Lesson p.2

the critical thinking moves

Critical thinking is more than a collection of classroom or academic skills. It is something we do throughout our daily lives. Whenever we encounter a task, a situation, or an opportunity that requires us to make a choice–whether this concerns what to eat or where to work, what to buy or how to vote–we are being called on to undertake some kind of critical thinking. 

The challenge, of course, is that we’re not always aware we are doing this kind of thinking as we are doing it. Despite how much time we spend asking questions, weighing options, looking for patterns, making predictions, or considering consequences, the specific steps we follow as we do all of this often remain invisible to us–just beneath the level of our own conscious awareness. What we need is a vocabulary that enables us to describe all the critical thinking work we are already doing at the same moment we are doing it. 

This is precisely the goal behind the Critical Thinking Scaffold.  The authors and scholars of the Independent Critical Thinking and Writing Company have used their 100+ years of combined teaching and research experience to compile a list (over 112 items long, and counting) of the specific moves inherent to the critical thinking process. Because this process is so fluid, and because the specific critical thinking moves appropriate for one situation to the next will vary, the Scaffold does not present them in a static order, but rather as a flexible constellation of terms that can be combined and recombined to suit any task or text.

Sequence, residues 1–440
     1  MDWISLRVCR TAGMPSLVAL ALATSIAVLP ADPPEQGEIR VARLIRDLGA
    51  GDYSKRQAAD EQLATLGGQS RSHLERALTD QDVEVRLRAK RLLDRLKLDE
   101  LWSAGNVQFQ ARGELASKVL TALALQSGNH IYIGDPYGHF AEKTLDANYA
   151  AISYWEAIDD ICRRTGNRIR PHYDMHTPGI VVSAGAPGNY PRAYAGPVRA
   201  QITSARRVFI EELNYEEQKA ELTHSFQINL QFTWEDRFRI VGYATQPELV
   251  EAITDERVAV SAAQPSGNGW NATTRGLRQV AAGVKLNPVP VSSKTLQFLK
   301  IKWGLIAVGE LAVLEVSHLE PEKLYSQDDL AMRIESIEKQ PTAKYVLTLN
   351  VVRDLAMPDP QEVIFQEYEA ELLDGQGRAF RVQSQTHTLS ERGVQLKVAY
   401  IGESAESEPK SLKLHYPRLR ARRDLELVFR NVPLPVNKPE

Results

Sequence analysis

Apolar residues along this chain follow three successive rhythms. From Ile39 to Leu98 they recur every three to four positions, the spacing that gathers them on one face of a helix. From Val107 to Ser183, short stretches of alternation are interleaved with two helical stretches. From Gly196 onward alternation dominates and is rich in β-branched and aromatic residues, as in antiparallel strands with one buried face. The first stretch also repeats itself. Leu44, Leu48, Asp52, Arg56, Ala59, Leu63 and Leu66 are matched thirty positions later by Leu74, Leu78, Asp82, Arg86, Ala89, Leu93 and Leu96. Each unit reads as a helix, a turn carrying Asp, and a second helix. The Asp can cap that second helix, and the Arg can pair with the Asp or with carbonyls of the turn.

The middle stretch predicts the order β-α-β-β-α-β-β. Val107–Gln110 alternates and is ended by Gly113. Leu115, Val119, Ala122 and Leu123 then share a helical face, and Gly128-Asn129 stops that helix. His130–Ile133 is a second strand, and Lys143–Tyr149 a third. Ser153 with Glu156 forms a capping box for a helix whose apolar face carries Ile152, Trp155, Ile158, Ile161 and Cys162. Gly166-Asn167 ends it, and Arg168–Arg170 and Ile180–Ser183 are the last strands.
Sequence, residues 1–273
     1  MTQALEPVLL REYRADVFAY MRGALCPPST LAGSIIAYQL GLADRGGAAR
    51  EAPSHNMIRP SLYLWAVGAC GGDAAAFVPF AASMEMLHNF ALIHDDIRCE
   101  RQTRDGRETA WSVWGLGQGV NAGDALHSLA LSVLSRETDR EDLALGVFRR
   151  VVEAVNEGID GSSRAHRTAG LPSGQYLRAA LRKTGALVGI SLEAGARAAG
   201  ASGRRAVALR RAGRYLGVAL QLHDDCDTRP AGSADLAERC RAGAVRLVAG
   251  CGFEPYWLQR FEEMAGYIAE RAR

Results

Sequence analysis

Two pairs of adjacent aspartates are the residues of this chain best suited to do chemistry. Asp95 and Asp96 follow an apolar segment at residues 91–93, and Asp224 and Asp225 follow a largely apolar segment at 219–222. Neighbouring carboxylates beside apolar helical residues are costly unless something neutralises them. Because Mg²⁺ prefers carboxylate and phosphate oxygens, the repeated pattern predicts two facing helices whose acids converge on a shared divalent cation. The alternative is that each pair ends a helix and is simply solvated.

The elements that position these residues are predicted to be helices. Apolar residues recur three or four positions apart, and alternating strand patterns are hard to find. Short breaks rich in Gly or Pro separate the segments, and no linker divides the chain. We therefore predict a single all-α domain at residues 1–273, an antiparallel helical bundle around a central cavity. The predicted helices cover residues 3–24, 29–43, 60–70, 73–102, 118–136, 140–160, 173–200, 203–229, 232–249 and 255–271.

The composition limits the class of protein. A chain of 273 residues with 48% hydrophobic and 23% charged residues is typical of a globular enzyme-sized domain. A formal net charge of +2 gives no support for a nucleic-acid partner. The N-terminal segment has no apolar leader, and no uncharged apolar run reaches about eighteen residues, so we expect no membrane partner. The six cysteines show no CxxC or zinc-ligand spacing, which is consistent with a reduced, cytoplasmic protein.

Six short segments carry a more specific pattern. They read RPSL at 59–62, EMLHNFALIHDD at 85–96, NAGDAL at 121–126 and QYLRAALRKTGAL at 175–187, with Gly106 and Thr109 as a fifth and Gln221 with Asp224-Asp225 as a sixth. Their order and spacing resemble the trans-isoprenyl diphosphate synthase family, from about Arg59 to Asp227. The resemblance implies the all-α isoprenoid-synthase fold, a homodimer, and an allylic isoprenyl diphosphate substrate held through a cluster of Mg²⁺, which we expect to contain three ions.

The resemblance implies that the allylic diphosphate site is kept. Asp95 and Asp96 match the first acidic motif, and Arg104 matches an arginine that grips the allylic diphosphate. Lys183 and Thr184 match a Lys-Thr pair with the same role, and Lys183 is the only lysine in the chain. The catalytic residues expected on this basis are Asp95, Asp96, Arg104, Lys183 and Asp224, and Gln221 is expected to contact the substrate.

Here is a list of some of the specific critical thinking moves you’ll encounter in this lesson:

  • Abstraction: to extrapolate the key concepts or ideas a text is presenting
  • Articulation: to identify strategies a text uses to present each main idea/concept
  • Attention: to examine a text closely and carefully
  • Characterization: to order and prioritize a text’s formal elements
  • Evaluation: to assess a text’s rhetorical or persuasive power on you
  • Identification: to address a text’s claims or ideas from a perspective other than your own
  • Noticing: to identify which specific elements most catch your attention
  • Reflection: to consider the purpose or goal a text brings to its encounter with you
  • Self-Inventory: to review your own assumptions around a text or topic
  • Self-Reflection: to consider how the assumptions shape your interactions with a text or topic
  • Synthesis: to find patterns and/or parallels among different perspectives